The Horrifying Truth of Britain's Baby Butcher Amelia Elizabeth Dyer Revealed
The Horrifying Truth of Britain’s Baby Butcher Amelia Elizabeth Dyer Revealed

The Horrifying Truth of Britain’s Baby Butcher Amelia Elizabeth Dyer Revealed

Donna Patricia Ward - November 20, 2017

A man preparing his garden in 1902 dug up skeletal remains. Shocked, he notified the local authorities. What the man had found were remains of five infants that had been murdered. Each child had been strangled with white tape, “wrapped in some kind of material,” sprinkled with lime to reduce the smell of decay, and then buried. As investigators tried to identify the dead children, they realized that the man now lived in the former residence of an infamous baby murderer. Amelia Elizabeth Dyer killed up to 400 babies over several decades as Britain’s most famous baby farmer.

The Horrifying Truth of Britain’s Baby Butcher Amelia Elizabeth Dyer Revealed
A portrait of Amelia Dyer. Wikimedia.

Amelia Elizabeth Dyer was born in the small town of Pyle Marsh, England, near Bristol, in either 1837 or 1838. She became the youngest of seven children when her two younger sisters died. Her father was a popular shoemaker and most likely was able to provide a simple yet comfortable life for his family. Amelia’s mother suffered from mental illness. Family members reported that after she recovered from typhus fever, a bacterial infection spread by fleas, lice, and chiggers, she began to have violent outbursts that lasted days. Two years before her mother’s death, Amelia began as an apprentice with a corset maker in Bristol.

Somehow, Amelia became estranged from her family. When her father died in 1859, Amelia was about 22 years old and her oldest brother inherited the family business. Without any financial support from her family and no legal way to claim any of the business, Amelia married a man considerably older than her. George Thomas was 59 but lied about his age, stating that he was 45 and Amelia lied and stated that she was 30 instead of 24. During the marriage, Amelia had at least one child, a daughter, that remained close to her, even working with her later in life.

As a married woman, Amelia trained as a nurse and a midwife. During her studies, Amelia met a woman that introduced her to the world of baby farming. It was possible for midwives to make money off of the unfortunate circumstances of single women who were pregnant. For a brief time, Amelia operated her own boarding house for pregnant, unmarried women. After Amelia assisted the women with the delivery of their infants, they paid her to care for their newborns. Some women left the boarding house never caring what happened to their unwanted babies, while others wrote to Dyer, who rarely replied more than once, if ever.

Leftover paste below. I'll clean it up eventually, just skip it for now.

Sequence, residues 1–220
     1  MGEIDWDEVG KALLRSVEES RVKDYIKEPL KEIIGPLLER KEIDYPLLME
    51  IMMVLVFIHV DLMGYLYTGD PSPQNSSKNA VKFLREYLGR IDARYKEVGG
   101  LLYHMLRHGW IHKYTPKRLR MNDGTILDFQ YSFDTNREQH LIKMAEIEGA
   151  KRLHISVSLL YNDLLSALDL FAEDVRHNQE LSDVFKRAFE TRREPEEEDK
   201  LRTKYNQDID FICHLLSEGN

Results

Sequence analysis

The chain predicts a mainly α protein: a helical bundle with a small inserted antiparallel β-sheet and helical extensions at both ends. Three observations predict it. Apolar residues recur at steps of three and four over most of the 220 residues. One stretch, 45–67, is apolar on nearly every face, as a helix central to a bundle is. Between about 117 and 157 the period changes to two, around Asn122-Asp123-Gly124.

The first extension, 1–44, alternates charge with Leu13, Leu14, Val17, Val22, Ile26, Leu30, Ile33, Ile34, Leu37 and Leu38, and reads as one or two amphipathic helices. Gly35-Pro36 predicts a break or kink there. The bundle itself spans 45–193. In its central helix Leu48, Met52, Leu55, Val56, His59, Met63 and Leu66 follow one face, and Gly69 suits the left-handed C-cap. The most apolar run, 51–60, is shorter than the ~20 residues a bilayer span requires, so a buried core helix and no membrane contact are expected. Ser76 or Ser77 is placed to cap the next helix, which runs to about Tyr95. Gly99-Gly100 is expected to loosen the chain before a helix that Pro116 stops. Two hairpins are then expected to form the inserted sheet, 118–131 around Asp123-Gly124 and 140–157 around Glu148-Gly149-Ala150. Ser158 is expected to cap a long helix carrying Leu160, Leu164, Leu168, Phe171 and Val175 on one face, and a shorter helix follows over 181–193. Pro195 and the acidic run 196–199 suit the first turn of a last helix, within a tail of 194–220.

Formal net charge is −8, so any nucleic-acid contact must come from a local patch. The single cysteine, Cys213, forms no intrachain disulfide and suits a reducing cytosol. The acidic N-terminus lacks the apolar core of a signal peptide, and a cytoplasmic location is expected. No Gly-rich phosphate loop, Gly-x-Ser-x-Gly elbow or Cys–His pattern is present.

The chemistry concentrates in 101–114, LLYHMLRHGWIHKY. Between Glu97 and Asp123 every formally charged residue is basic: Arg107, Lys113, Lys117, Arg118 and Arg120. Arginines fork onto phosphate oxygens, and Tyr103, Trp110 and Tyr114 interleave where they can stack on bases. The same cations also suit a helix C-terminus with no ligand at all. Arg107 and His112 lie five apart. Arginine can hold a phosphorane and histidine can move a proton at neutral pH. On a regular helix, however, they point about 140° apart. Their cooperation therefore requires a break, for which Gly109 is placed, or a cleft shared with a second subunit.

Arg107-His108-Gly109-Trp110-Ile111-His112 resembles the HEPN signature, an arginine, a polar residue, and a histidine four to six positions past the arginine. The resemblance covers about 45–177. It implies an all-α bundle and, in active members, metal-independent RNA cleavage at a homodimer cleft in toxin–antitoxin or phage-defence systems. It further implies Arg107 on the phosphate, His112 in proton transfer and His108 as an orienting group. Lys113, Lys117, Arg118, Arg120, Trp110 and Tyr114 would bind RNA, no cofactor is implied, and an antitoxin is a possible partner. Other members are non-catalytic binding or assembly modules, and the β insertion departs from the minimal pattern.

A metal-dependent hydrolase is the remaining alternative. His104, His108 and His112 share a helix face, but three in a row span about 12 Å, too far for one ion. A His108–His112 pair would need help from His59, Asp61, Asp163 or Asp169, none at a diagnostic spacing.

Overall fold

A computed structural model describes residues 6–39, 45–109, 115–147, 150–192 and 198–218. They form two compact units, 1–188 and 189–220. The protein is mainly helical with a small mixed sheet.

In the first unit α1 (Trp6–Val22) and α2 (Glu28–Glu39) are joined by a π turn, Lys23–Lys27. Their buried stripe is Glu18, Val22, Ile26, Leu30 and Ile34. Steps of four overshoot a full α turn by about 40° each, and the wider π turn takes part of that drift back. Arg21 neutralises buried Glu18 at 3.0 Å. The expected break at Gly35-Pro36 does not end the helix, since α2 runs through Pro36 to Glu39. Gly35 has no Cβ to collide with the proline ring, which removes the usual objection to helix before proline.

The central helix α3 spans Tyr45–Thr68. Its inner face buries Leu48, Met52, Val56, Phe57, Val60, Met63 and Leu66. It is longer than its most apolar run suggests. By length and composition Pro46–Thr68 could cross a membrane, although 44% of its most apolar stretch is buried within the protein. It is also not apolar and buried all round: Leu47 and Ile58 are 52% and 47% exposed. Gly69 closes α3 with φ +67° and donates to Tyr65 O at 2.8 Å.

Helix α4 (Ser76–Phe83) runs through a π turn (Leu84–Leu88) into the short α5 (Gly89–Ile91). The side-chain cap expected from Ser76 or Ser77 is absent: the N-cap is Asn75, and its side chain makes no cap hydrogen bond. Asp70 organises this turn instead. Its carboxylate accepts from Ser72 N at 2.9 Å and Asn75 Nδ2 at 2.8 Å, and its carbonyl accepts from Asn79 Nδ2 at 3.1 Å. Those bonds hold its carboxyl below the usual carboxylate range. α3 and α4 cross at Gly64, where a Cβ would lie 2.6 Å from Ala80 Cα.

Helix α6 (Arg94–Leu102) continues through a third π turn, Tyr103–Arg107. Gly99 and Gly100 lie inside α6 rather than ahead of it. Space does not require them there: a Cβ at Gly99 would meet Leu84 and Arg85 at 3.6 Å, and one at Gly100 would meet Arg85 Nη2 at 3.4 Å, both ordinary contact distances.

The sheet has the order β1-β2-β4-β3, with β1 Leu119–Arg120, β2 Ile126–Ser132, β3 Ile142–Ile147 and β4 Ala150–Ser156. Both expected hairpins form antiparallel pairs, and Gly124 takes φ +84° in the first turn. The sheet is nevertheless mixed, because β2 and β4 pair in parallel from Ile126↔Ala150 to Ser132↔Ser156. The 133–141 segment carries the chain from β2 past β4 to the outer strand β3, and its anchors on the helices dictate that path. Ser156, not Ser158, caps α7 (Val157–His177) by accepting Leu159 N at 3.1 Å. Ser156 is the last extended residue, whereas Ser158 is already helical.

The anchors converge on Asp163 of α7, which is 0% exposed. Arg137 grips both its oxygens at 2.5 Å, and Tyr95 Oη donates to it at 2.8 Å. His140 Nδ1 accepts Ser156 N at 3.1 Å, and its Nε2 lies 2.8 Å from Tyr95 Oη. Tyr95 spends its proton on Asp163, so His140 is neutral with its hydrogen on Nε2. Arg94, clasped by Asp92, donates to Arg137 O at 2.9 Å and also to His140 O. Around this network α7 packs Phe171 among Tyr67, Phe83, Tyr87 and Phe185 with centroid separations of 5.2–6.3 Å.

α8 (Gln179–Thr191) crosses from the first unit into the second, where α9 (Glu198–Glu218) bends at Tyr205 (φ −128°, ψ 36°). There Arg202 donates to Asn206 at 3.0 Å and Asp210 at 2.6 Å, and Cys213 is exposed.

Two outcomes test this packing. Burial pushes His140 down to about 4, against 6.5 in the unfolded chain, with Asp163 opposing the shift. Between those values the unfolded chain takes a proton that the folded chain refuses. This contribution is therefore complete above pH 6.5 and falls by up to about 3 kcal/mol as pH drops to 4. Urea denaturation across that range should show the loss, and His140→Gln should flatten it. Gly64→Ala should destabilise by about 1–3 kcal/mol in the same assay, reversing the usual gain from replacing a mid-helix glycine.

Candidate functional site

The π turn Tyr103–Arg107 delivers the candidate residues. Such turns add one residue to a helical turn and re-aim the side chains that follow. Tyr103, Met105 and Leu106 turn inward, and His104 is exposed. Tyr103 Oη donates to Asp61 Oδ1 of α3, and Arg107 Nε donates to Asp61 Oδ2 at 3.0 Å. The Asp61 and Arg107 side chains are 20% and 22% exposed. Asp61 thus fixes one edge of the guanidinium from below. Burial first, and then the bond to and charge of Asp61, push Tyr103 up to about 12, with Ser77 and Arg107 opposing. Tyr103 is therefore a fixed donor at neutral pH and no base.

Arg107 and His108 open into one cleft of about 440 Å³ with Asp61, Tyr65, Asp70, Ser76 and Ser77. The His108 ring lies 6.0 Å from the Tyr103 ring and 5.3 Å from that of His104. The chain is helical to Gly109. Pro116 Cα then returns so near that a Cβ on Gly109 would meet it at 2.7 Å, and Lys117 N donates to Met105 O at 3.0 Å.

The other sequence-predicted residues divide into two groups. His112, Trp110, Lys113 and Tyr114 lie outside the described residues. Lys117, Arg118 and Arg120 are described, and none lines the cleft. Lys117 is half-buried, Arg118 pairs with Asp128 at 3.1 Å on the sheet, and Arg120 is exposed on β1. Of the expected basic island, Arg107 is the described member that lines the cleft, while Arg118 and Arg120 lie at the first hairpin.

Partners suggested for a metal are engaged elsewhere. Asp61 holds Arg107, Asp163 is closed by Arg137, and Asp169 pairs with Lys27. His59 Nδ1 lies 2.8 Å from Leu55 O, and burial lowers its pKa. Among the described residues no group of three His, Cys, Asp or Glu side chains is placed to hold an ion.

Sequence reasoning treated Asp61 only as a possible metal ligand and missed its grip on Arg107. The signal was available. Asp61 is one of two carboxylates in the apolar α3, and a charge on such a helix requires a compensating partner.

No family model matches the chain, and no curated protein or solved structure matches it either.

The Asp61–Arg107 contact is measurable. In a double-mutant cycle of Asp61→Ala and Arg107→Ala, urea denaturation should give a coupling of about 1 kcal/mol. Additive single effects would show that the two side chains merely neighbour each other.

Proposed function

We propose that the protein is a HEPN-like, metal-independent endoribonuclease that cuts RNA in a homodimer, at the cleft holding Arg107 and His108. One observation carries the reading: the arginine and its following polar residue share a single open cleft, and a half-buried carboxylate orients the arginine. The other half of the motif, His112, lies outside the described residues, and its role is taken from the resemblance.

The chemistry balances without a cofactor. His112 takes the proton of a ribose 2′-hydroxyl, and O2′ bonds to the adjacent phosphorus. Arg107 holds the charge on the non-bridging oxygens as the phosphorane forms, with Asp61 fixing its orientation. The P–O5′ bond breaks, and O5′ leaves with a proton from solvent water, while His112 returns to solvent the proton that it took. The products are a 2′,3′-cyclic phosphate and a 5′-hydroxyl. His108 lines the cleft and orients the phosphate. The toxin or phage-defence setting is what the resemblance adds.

As she maintained her career as nurse, midwife, and baby farmer, Amelia suffered from mental breakdowns and suicidal thoughts. There was suspicion that Dyer was faking her mental illness, as she seemed to suffer mental breakdowns when people became suspicious of the number of children that died in her care. Regardless, she did make one serious suicide attempt. She consumed two bottles of laudanum, a combination of morphine and codeine that tasted extremely bitter, but she was not successful. Years of extreme alcohol consumption and opium use had caused her to build up a tolerance.

Baby farming had been used in England for many centuries. For wealthy women, it was completely acceptable to send their infants to a wet nurse who would breast-feed and care for the infants until they reached toddlerhood. Poor or working class women that found themselves pregnant had very little opportunity to achieve any sort of financial stability if they were not married. In Victorian Era Britain, having a baby out of wedlock was akin to or worse than murder.

The Horrifying Truth of Britain’s Baby Butcher Amelia Elizabeth Dyer Revealed
Newspaper report of arrest. Public Domain.

Baby farmers provided an out for such women. The women in trouble would place an advertisement in a newspaper seeking a loving couple to adopt their baby. Baby farmers often answered such ads, promising to provide the child with a happy and healthy home. Sometimes the situation would be temporary, while other times it was considered a permanent arrangement. Societal norms and government avoidance created a world where Amelia Elizabeth Dyer would flourish as a baby farmer and murderer.